To those who have emailed me and asked, I will be getting both the 4LP version and the picture disc versions of the Deluxe Edition (because I’m an idiot). I will report on their sound quality when I get them. The 4LP version is due on the  4th, and I should be getting the picture disc version near the end of the month.

Update 10/02/11
Think I’m full of shit? Read this first. 

Update 10/06/11
The vinyl is in! Guess what? It sucks!  Also, Bob Ludwig wants you to know you don’t count.

19 Responses to “The Nevermind 20th Anniversary Release: Anatomy of a Disaster”

  1. Officer Serpico says:

    Nice post! I was intent on picking up the deluxe edition but I’m balking at the price, which is a bit ridiculous. I remember picking up With The Lights Out at Target on the day or release for like $50 tops. The Bleahc reissue on vinyl was only about $30 and had a whole live show included, too.

    My sister and I were Nirvana freaks in our early teens so between us we had a stack of boots like Outcesticide and full shows like the Out Of The Blue and Roma discs. We also had all of the import singles, etc, so the B-sides aren’t really a revelation tho it’s cool to have them all in one place.

    Now, we had the Trick Or Treat boot way back in 95, but the highlight of this whole reissue business for me is still the Live At The Paramount DVD. I might skip everything else but I’m definitely picking this up. The Trick Or Treat boot was a soundboard recording and was one of the best sounding bootlegs I ever got to hear on CD, but actually SEEING this show is an exciting prospect for me. From 88-92 these guys killed it live consistently. Can’t wait!

  2. Lost Turntable says:

    Get the Blu-ray!

  3. truth says:

    if it sucks so bad why even bother debating picking it up? i wouldnt pay for any of this…

  4. Lost Turntable says:

    The suckage of the 4LP version remains to be seen.

  5. Le Kid Bongo says:

    A lot of modern releases sound appalling on a decent hi-fi system because of the loudness war; distortion, clipping and very little dynamic range. It sounds OK on a transistor radio, but that’s about it.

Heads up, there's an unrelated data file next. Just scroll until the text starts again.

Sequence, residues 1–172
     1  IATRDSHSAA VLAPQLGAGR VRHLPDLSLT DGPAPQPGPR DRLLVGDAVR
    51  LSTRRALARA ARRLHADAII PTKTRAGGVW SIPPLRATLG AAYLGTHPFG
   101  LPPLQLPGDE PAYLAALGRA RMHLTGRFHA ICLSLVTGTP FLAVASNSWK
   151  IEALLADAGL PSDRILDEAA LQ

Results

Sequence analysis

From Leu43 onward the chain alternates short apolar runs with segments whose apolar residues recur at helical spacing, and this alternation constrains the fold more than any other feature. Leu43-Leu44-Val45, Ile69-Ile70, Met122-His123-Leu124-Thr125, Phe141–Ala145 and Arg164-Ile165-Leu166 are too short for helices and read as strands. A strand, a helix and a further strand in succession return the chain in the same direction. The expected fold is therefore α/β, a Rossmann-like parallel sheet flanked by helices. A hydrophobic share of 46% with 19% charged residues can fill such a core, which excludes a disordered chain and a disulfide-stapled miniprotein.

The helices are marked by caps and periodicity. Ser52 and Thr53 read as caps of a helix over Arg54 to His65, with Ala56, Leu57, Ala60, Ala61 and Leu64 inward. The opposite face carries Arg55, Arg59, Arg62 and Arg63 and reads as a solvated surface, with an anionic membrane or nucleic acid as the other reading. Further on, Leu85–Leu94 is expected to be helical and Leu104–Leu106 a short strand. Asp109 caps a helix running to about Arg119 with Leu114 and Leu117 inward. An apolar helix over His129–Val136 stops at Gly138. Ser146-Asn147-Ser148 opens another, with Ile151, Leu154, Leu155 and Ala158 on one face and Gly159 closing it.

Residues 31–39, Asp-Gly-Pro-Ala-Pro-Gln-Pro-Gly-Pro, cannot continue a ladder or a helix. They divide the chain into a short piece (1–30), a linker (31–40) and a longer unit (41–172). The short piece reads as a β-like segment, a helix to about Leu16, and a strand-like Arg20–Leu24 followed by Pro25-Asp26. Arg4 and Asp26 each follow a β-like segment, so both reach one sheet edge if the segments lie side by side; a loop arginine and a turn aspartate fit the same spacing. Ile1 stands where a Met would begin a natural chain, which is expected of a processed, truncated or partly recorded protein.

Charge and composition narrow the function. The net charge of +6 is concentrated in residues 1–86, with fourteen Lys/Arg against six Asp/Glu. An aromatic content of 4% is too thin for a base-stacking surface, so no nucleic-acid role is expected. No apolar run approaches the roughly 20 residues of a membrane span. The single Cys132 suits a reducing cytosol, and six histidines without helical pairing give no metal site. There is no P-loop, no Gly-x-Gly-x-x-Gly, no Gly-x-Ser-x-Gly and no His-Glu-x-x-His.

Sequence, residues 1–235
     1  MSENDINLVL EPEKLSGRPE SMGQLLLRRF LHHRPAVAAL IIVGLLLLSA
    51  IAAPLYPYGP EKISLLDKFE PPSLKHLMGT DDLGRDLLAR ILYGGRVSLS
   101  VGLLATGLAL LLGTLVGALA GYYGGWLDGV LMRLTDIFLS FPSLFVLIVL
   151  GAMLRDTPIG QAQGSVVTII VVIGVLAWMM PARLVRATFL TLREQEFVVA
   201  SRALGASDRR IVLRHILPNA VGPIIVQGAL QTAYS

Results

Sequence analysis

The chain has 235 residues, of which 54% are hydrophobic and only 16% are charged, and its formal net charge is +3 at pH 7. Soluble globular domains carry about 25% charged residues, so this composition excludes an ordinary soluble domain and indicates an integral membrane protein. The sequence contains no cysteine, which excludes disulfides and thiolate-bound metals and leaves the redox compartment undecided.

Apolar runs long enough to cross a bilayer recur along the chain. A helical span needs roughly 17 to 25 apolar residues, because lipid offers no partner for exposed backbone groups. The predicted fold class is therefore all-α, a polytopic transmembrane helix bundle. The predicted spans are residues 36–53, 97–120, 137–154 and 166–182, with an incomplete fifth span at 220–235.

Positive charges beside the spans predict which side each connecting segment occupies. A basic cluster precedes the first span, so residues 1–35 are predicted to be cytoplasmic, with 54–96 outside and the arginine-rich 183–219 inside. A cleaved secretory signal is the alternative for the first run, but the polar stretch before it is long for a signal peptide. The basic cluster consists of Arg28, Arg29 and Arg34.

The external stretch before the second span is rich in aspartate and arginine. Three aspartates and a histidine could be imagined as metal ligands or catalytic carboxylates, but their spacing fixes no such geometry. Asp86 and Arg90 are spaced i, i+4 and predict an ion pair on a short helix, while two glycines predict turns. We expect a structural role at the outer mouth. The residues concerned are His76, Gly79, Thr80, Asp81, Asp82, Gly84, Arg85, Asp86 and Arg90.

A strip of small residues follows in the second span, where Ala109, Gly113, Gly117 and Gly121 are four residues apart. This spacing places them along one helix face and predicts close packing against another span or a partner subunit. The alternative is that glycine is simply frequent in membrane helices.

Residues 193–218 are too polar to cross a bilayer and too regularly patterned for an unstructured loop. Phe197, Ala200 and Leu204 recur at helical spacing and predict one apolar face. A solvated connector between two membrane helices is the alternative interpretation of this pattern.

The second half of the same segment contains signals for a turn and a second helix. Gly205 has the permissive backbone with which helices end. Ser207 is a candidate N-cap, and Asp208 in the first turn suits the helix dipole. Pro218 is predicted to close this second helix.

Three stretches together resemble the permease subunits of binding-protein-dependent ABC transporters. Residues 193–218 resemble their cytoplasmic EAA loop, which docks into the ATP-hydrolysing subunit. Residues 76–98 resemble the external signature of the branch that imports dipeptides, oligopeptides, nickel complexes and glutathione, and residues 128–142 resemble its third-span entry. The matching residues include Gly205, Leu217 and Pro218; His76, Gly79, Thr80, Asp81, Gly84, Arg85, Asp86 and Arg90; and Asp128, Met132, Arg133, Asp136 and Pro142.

Cheers for the heads up on the Nirvana releases – I continue to enjoy the site.

  6. i’m not saying it ain’t so, but isn’t this test a bit unscientific? i mean, he got the rip from either the web or torrents, and the levels on the varying computers used in ripping will factor into the final waveform. i know that i have re-downloaded another torrent of the same album i just got *several* times due to the first one being too quiet or too clipped out and distorted…. and been pleased with a better rip (not even necessarily at a better bitrate, just not turned up too loud).

    to say with any certainty, he would have to rip the tracks from old and new cd’s both onto his own computer, using the same settings, and compare those.

  7. Near Vana says:

    On top of ALL THAT, I purchased the blu-ray at Best Buy because I didn’t want to wait until retailers get it AFTER CHRISTMAS. Low and behold, I get home to find that the audio is NOT synched up with the performance. I checked both of my players and such was the case. I’m not sure if it’s every disc that’s messed up, but I’m afraid to exchange it to find the same problem. Glad to hear some people are speaking out against this massively disappointing re-issue. Sad face.

  8. Near Vana says:

    Just checked the comments on Amazon for the Blu-Ray and yup, MANY people experiencing the audio out of synch issues. They need to recall the Blu-Ray. ASAP.